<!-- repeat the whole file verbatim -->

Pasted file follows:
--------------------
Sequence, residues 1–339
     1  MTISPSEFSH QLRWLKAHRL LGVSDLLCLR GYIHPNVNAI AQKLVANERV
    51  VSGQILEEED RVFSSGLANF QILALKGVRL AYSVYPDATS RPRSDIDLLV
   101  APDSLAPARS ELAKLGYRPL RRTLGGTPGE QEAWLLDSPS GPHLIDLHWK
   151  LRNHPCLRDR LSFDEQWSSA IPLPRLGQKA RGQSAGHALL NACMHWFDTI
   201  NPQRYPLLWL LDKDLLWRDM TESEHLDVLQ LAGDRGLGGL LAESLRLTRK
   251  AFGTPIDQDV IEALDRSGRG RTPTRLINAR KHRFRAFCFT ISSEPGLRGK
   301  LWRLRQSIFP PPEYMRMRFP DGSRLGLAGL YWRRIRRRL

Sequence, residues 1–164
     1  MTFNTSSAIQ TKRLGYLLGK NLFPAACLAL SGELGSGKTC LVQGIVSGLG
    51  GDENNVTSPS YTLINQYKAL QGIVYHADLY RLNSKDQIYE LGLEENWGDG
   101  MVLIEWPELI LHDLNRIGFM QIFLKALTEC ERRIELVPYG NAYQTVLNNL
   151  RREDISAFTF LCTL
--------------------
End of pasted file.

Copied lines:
Sequence, residues 1–339
     1  MTISPSEFSH QLRWLKAHRL LGVSDLLCLR GYIHPNVNAI AQKLVANERV
    51  VSGQILEEED RVFSSGLANF QILALKGVRL AYSVYPDATS RPRSDIDLLV
   101  APDSLAPARS ELAKLGYRPL RRTLGGTPGE QEAWLLDSPS GPHLIDLHWK
   151  LRNHPCLRDR LSFDEQWSSA IPLPRLGQKA RGQSAGHALL NACMHWFDTI
   201  NPQRYPLLWL LDKDLLWRDM TESEHLDVLQ LAGDRGLGGL LAESLRLTRK
   251  AFGTPIDQDV IEALDRSGRG RTPTRLINAR KHRFRAFCFT ISSEPGLRGK
   301  LWRLRQSIFP PPEYMRMRFP DGSRLGLAGL YWRRIRRRL

Sequence, residues 1–164
     1  MTFNTSSAIQ TKRLGYLLGK NLFPAACLAL SGELGSGKTC LVQGIVSGLG
    51  GDENNVTSPS YTLINQYKAL QGIVYHADLY RLNSKDQIYE LGLEENWGDG
   101  MVLIEWPELI LHDLNRIGFM QIFLKALTEC ERRIELVPYG NAYQTVLNNL
   151  RREDISAFTF LCTL